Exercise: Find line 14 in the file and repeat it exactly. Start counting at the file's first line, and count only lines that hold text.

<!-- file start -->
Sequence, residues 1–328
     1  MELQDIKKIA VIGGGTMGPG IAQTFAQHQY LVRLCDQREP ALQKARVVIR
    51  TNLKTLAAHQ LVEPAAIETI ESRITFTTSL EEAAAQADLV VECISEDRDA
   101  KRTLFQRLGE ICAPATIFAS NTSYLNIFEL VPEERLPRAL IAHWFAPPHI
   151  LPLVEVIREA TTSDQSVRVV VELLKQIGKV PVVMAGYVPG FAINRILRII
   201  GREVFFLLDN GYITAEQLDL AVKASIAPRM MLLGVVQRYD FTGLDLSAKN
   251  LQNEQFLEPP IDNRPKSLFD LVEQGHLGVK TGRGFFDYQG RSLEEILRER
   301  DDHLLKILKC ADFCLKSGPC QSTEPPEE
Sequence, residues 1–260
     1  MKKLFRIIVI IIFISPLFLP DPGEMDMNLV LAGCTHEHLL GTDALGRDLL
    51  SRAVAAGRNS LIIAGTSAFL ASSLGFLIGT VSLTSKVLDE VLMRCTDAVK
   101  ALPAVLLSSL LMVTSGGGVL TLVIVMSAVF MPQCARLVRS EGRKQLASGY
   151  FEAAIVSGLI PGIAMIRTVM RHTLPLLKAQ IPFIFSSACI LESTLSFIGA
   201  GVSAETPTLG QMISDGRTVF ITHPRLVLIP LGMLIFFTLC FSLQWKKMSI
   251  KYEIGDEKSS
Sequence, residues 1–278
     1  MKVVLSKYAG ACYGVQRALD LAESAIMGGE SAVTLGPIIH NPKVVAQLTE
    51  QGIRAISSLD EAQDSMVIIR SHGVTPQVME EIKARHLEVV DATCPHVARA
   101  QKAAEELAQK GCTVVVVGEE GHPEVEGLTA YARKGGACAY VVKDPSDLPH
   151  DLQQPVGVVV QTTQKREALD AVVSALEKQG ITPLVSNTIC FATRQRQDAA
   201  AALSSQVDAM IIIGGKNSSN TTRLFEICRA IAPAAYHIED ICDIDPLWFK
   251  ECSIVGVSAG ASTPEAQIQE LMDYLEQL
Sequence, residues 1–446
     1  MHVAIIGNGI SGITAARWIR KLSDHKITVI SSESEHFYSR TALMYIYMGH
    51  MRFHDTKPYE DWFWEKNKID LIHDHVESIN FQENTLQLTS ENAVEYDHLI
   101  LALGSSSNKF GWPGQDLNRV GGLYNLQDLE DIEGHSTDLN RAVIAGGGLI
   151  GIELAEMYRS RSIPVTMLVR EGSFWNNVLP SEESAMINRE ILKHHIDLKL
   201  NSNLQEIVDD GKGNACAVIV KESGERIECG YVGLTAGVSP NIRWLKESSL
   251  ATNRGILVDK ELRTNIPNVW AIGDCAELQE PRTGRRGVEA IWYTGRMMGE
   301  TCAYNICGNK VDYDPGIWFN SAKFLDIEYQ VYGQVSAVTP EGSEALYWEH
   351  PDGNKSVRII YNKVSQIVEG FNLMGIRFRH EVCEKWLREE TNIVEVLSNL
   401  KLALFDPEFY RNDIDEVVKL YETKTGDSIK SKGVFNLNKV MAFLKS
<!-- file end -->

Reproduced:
   201  GVSAETPTLG QMISDGRTVF ITHPRLVLIP LGMLIFFTLC FSLQWKKMSI